Vettel chases down his last chance as Alonso can't make advantage count
FORMULA ONE: Abu Dhabi is best known for its sometimes vulgar opulence and the staggering modernity of its buildings, but it was pure history and tradition that blew in on a warm desert breeze here yesterday evening.
A great race, a classic race on this most unpromising of circuits, saw the podium filled with three former world champions and it was the evocative names of Lotus and Ferrari who took the first two places on the dais.
And yet, as the sand settled, it was the performance of a newer team, Red Bull, and a younger driver, Sebastian Vettel – although both team and driver are already tiresomely too familiar for the liking of their harassed rivals – that provided the major talking points.
Vettel was immense. Banished to the back of the field because of a fuel irregularity after qualifying, he had the countenance of a tragedian on Saturday evening (because he is more used to champagne-splattered grins he is less practised in the art of hiding disappointment). But in an admittedly supreme car he cut a swath through the field not once but twice to finish third behind Kimi Raikkonen and Fernando Alonso.
He had luck too, there can be no doubt about that. The deployment of safety cars suited his purpose well. But that is not the memory that shines through this morning.
His car’s relegation to the pit lane had handed his only world championship rival, Alonso, an unexpected lifeline and the Spaniard, trailing by 13 points, had to make the most of it. But in the end the Ferrari driver gained only three points on the young German, who remains the fastest and favourite. With two races remaining he leads by 10 points.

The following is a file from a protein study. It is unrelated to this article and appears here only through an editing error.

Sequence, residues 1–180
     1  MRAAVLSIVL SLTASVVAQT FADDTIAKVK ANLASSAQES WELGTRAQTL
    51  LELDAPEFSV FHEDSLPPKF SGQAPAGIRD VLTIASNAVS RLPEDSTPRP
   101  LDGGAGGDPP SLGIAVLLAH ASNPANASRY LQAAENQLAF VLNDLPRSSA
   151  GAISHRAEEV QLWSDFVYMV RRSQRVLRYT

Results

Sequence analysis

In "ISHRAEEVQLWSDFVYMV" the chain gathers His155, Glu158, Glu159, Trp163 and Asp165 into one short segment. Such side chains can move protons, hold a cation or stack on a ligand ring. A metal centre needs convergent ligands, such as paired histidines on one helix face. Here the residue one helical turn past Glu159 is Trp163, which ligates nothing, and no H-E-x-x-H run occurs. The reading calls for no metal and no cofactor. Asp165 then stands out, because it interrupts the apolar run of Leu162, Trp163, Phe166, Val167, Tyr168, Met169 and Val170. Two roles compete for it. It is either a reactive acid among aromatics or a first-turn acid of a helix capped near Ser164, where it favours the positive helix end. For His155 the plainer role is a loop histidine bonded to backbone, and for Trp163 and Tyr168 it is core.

Vettel, assisted by some early carnage that saw the Force India cars collide (a dark sin this, in Formula One) was soon up to 14th, even though he was suffering some wing damage after a meeting with Bruno Senna.
His car was damaged again, this time more seriously, when he crashed into a marker board as he attempted to avoid the Toro Rosso of Daniel Ricciardo. This required a pit-stop that meant he fell to the back once more; it also meant he faced the prospect of surviving the remaining 41 laps on his new set of soft tyres.
He charged through the field again and got up to second behind Raikkonen as the cars in front of him made much later pit-stops. Ultimately Vettel came in for fresh rubber a second time, which saw him drop to fourth behind Alonso and Jenson Button.
But another outing for the safety car – which had already appeared after the collision between Nico Rosberg and Narain Karthikeyan – allowed Vettel to tighten up with the three cars in front, who then enjoyed a sprint to the finish. Shortly before the end Vettel swept past Button, depriving the McLaren driver of what would have been his fourth third position in succession at this venue.